Tiny Machines Hold Big Dreams:
Jefferson Lab Scientists Hope for State Funds
More than $65 million worth of equipment — used to help create atom-sized machines that could one day make anything from new cells to celery — might just sit idling if state lawmakers and Gov. Jim Gilmore can't agree on a budget for the state.
Officials with the Thomas Jefferson National Accelerator Facility hope the state will pass a budget amendment that includes money to build a two-story, 20,000-square-foot addition to the free-electron laser facility. The $3 million addition would house a $32 million synchotron and $36 million X-ray camera.
Researchers will use that equipment to help build nanotechnology, microscopic machines that could theoretically build anything from medicine to food. A nanometer is one-billionth of a meter.
But the Gilmore administration has found about $103.3 million to offset the $421 million hole in the state budget, and the governor has hinted he may not reconvene the General Assembly to hammer out a budget agreement. That means none of those amendments may be funded.
If that happens, the synchotron will remain in the Applied Research Building, which is too far from other equipment and too small to conduct experiments, said Fred Dylla, Jefferson Laboratory's free-electron laser program manager.
"If he doesn't call the session, then we're dead for a year," he said. "Had there not been the budget impasse on the car tax, this would have passed."
That would mean pushing back nanotechnology studies and other research, all made possible by the synchotron and the X-ray camera, the equivalent of a copy machine for atoms.
The synchotron would do two things: Allow researchers to see how atoms interact and act as an X-ray printing press to produce nano-sized microchips.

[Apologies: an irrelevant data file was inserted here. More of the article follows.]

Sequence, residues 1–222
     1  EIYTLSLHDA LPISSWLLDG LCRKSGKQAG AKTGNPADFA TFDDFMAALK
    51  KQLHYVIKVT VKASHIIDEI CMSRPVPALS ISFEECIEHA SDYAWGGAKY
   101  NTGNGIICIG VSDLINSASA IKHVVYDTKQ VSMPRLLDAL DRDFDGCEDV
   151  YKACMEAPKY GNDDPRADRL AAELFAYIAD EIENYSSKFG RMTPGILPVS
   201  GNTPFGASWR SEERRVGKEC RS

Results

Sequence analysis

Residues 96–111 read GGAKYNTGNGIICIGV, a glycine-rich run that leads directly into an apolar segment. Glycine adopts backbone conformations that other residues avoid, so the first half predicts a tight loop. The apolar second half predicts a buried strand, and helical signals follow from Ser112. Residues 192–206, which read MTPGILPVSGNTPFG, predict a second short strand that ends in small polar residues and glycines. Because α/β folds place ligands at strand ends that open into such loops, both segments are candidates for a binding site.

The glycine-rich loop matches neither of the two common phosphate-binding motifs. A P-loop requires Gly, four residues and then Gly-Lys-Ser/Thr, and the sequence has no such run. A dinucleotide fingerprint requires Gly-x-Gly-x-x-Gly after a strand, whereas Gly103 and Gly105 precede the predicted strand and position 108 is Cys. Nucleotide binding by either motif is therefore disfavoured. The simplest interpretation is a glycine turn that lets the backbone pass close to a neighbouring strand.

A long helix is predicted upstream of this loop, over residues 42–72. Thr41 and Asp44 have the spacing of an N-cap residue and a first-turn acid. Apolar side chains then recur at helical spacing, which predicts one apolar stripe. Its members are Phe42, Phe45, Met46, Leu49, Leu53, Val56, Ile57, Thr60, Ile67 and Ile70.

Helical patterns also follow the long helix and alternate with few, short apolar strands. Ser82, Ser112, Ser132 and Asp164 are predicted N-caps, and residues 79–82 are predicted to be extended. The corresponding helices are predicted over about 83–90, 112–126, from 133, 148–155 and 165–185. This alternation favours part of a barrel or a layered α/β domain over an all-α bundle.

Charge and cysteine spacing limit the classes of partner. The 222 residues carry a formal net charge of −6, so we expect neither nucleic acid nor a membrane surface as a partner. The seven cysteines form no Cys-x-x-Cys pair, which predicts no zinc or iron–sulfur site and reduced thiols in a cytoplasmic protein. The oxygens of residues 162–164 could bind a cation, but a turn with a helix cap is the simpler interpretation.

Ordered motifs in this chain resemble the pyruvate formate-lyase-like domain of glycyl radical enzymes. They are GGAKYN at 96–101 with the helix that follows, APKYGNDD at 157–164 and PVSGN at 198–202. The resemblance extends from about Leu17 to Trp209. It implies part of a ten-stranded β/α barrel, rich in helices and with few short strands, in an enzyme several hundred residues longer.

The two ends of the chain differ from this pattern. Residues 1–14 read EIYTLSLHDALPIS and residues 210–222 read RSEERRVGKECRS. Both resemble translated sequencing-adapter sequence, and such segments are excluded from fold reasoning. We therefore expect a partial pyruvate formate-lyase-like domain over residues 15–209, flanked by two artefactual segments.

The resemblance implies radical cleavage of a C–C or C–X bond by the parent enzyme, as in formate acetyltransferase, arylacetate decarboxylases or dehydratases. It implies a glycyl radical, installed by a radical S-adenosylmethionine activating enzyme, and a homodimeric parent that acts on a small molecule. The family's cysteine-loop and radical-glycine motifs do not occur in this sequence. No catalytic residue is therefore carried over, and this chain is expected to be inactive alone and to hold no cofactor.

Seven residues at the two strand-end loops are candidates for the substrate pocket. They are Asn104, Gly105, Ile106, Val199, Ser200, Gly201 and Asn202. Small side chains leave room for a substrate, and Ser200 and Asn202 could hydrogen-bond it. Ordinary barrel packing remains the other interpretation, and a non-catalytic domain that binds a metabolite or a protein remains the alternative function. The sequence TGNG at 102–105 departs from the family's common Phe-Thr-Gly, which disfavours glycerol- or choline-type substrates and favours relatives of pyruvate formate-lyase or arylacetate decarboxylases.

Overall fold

The laboratory's free-electron laser allows researchers to conduct a variety of experiments at atomic levels, so hooking it to the synchotron was a logical decision for Gwyn Williams, basic research program manager who headed efforts to acquire a synchotron.
The machine creates X-ray radiation -- about 1 million times the brightness of X-rays used in hospitals.
"You need that much light in order to light up a collection of a few atoms," he said.
That's because to see atoms, scientists must magnify them. Magnification means looking at smaller and smaller areas, which means less and less light is available.
For nanotechnology, scientists at Virginia Commonwealth University would provide nano-sized microchip patterns cut into gold. The synchotron would provide the X-ray light needed for the camera to copy those designs onto nano-sized pieces of silicon.
"It's like a flash lamp," Williams said of the synchotron. "They're making the negatives, and we're making the prints."
That process would move researchers away from the current way of making microchips, a process that essentially whittles away at a larger silicon wafer, said Amber Jones, National Science Foundation spokeswoman.
"Instead of taking an existing product and making it smaller and smaller, nanotechnology takes it the other way around," she said. "The synchotron is a piece of equipment that's used to see at that smallness."
Williams said Jefferson Lab is one of the few places in the country that can operate the machine, Williams said.
IBM donated its synchotron to the facility last fall. The Defense Advanced Research Projects Agency is donating the X-ray equipment, which will arrive as soon as the synchotron is operating.
In all, including the building, equipment and work to make it function, the set-up would be a $74.75 million investment.
What is a synchotron?
A synchotron is a smaller version of a particle accelerator. As electrons zip through the machine, they give off X-ray radiation. That light acts much like a flash lamp, allowing a special camera to pick up items on the atomic scale.